We must end this war of town v country

Most of us live in cities and constantly plot our escape. But now, rural interests are resisting the invaders
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The Independent Online
"Too many broken eggs and not enough omelettes," was JB Priestley's gloomy verdict on the planning blight he witnessed on his English Journey in the Thirties, appalled at the spread of suburbia and new patterns of ribbon development blending what were once self-contained towns and cities into great conurbations of placelessness.

This horror of formlessness led to the "green belts" to mark the boundaries between town and country and prevent further attenuation of the qualities of urban - and rural - life. But once again, cities are changing and so, too, is the countryside, with radical implications as to how people will live in future. The binary opposition of urban and rural is no longer tenable or productive. But this news has not yet reached the planners or politicians.

It is likely that the settlements which will emerge in the coming decades - which may well be quite new and different versions of the inner city, town centre, suburb, edge city, waterfront, market town, urban village, tele-cottage, New Age commune - will have a greater influence on people's lives and aspirations than the global media or developments in information technology, the current front-runners in the "this is going to change the way we live for ever" stakes. Locality, increasingly, is destiny.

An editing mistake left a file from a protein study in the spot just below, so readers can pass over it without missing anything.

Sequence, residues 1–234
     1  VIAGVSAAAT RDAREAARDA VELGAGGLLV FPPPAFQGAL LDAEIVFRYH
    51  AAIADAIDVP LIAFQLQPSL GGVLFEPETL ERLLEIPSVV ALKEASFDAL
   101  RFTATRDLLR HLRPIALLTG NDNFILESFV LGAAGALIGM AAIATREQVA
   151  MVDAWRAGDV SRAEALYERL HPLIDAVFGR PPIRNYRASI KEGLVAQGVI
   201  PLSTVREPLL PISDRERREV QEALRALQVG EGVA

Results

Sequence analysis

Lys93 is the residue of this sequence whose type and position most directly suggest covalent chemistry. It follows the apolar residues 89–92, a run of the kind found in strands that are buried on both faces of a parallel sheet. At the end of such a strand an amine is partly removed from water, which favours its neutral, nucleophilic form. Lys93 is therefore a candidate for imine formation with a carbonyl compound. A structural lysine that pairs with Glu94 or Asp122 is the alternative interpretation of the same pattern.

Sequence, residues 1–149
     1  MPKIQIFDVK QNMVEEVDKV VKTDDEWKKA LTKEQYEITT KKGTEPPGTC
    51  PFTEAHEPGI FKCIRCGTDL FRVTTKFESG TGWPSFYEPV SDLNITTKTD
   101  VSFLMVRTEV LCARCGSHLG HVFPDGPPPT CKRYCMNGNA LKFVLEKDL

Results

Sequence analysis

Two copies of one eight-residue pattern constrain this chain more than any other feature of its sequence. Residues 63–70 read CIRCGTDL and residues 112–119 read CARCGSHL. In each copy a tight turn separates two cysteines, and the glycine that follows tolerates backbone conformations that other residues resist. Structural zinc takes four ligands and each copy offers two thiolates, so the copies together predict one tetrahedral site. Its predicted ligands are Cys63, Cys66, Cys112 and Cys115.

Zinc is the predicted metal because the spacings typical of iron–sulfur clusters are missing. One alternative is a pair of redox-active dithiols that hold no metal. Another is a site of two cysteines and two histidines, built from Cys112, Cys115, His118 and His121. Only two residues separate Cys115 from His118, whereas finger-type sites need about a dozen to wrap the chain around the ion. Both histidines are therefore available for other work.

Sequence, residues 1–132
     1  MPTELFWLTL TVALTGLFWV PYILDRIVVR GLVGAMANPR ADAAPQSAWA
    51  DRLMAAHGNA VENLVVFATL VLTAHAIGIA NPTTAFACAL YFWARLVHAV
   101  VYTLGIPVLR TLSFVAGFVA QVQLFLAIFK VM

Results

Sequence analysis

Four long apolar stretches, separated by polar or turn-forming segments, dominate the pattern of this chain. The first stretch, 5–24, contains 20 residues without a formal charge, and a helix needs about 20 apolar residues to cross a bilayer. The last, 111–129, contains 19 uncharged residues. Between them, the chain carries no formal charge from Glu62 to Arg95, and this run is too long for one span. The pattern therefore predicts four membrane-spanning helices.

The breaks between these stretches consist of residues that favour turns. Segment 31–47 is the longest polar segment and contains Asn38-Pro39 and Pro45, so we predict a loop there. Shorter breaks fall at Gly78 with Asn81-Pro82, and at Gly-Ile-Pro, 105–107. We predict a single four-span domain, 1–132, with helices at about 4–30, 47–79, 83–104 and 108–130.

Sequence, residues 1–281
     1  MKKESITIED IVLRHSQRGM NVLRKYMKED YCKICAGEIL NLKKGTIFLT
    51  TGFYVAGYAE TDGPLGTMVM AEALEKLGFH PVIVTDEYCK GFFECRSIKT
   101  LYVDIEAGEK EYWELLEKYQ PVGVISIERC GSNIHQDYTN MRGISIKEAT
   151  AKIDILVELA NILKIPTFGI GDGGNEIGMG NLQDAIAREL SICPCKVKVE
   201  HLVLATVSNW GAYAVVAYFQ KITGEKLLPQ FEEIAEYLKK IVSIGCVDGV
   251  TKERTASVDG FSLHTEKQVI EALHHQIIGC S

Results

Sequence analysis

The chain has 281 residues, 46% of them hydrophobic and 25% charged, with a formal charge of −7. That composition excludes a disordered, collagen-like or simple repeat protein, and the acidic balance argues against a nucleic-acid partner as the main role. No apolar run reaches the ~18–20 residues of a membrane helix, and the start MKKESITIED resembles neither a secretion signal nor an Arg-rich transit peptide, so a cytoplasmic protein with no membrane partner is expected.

Social and demographic change continues to be determined more by culture than technology. There are massive processes of restructuring happening to populations in both the city and the countryside. The most important may be the overwhelming rise of single-person households, "the most pervasive trend of the Eighties", according to the Office of Population Censuses and Surveys' journal, Population Trends. It is estimated that 4 million new households will emerge in the next two decades, needed for new kinds of familial and domestic relationships, and requiring more flexible kinds of housing and tenure agreements, as well as reflecting the continuing rise of the one-parent family (Britain has the highest number of any European country). There is also the impact on the countryside of nearly a quarter of a million second homes.

All these demographic shifts are reshaping cities, towns and villages much more than the spread of personal computers or the sales of mobile phones and modems. Last week's White Paper on rural England drew attention to some of the disturbing trends in rural poverty and social displacement as long-standing rural families and their children are priced out of local housing markets by wealthier urban incomers. Some of those young people will end up joining the army of urban homeless.